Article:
How to recognise a kick

A cognitive task analysis of drillers’ situation awareness during well operations

R. Roberts, R. Flin, J. Cleland

Research output: Contribution to journalArticle

5 Citations (Scopus)
5 Downloads (Pure)

Abstract

Purpose: The ability to monitor and detect anomalous changes in an oil well is a fundamental aspect of an offshore driller’s job, so as to maintain well control, the safety of the surrounding rig and minimize risk. Drillers are required to have a high level of situation awareness in order to recognize and interpret indicators that suggest that hazardous hydrocarbons may have entered the well bore (referred to as kick detection), allowing them to take the best actions to deal with the situation. The aim was to use cognitive task analysis methods to identify the expert SA skills required for the complex task of kick detection. Method: An Applied Cognitive Task Analysis (ACTA) of the SA components required for kick detection was conducted. 1. A technical task description was produced, using material extracted from well control manuals and a five day training course. 2. The SA components required for the kick detection task using the preliminary Drillers’ SA model. 3. The ACTA data were validated by three drilling experts. Results: The specific cognitive skills associated with maintaining SA that were required for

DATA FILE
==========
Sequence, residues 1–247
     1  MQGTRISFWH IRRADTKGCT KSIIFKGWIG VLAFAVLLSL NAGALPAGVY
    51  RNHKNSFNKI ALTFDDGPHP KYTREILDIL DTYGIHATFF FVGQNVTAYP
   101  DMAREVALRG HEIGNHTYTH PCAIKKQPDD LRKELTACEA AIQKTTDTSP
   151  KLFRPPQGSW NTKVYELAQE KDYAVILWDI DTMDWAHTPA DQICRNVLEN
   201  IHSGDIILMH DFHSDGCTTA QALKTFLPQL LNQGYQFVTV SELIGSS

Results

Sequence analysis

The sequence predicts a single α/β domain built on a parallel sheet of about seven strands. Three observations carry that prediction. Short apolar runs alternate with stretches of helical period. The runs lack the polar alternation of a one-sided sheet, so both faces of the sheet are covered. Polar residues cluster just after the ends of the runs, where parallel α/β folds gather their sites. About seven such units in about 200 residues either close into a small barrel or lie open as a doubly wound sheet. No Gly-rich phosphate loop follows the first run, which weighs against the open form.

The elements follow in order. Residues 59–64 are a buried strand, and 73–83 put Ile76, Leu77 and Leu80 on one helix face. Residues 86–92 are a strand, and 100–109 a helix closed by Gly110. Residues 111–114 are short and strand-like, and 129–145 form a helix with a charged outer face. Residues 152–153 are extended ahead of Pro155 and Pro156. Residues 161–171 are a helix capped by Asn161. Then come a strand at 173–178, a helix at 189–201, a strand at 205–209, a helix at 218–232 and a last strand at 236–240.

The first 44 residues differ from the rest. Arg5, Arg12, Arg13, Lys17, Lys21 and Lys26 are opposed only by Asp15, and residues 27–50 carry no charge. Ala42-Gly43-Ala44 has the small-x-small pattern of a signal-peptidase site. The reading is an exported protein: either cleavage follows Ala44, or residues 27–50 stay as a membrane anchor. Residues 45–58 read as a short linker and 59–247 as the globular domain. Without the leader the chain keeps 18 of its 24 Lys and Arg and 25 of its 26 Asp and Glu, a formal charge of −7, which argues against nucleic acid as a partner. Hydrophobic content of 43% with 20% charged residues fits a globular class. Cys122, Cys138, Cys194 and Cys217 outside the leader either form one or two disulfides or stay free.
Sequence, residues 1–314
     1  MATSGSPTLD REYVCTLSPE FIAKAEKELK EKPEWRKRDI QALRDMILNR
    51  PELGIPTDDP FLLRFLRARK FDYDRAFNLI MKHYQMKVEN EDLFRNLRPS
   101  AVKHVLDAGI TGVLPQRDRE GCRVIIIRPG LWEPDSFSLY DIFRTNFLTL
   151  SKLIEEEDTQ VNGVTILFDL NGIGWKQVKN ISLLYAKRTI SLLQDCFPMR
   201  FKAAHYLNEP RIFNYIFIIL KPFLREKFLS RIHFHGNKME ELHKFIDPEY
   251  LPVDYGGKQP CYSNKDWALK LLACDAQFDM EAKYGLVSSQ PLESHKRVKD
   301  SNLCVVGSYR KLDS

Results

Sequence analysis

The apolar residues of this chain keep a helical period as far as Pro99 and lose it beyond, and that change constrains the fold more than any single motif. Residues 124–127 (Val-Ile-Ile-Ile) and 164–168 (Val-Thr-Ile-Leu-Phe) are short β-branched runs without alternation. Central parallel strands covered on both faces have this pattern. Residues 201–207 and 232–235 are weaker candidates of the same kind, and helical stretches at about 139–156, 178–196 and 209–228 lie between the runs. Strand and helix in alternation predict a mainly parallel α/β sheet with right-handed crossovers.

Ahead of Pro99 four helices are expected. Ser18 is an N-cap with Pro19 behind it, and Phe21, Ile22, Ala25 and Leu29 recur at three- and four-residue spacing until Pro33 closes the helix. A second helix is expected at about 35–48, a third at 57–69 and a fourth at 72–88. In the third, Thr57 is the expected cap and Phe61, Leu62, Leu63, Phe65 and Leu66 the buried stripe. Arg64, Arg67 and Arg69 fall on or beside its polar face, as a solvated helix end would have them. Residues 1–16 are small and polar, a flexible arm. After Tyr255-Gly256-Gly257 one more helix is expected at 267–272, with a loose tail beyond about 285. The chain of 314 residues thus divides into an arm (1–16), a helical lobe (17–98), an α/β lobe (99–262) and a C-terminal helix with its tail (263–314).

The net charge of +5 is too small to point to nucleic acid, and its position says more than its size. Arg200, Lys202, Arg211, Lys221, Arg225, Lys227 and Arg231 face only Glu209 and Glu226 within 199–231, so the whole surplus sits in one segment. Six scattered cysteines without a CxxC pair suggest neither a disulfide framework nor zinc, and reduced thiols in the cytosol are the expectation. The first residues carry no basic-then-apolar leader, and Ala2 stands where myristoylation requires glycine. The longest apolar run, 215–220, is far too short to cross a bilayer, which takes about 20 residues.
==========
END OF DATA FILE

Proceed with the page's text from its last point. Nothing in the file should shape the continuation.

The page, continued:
accurate kick detection were: attending to and recognizing changes in the drilling parameters, understanding their significance as kick indicators in the context of a mental picture of the well state, and anticipating what could result in a kick, necessitating flow checking and/or shutting in actions.
Limitations: ACTA methods are prone to research bias however actions were taken to minimize this. Practical Implications: Training and work design recommendations based on the ACTA are outlined for supporting driller SA for effective well control and consequently to improve process safety. The study also illustrates how ACTA methods can be used to examine and support cognition in the workplace.
Original languageEnglish
Pages (from-to)503-513
Number of pages11
JournalJournal of Loss Prevention in the Process Industries
Volume43
Early online date9 Jul 2016
DOIs
Publication statusPublished - Sep 2016

Fingerprint

Oil and Gas Fields
Safety
drilling
Drilling
Aptitude
Manual control
Workplace
Cognition
Oil wells
oil fields
working conditions
education programs
cognition
Research
methodology
Task analysis
monitoring
Oil
Work place
Work design

Keywords

  • Kick Detection
  • Situation Awareness
  • Cognitive Task Analysis
  • Drilling
  • Safety

Cite this

@article{814df1f371044ab0afdf1a2118bc76d4,
title = "How to recognise a kick: A cognitive task analysis of drillers’ situation awareness during well operations",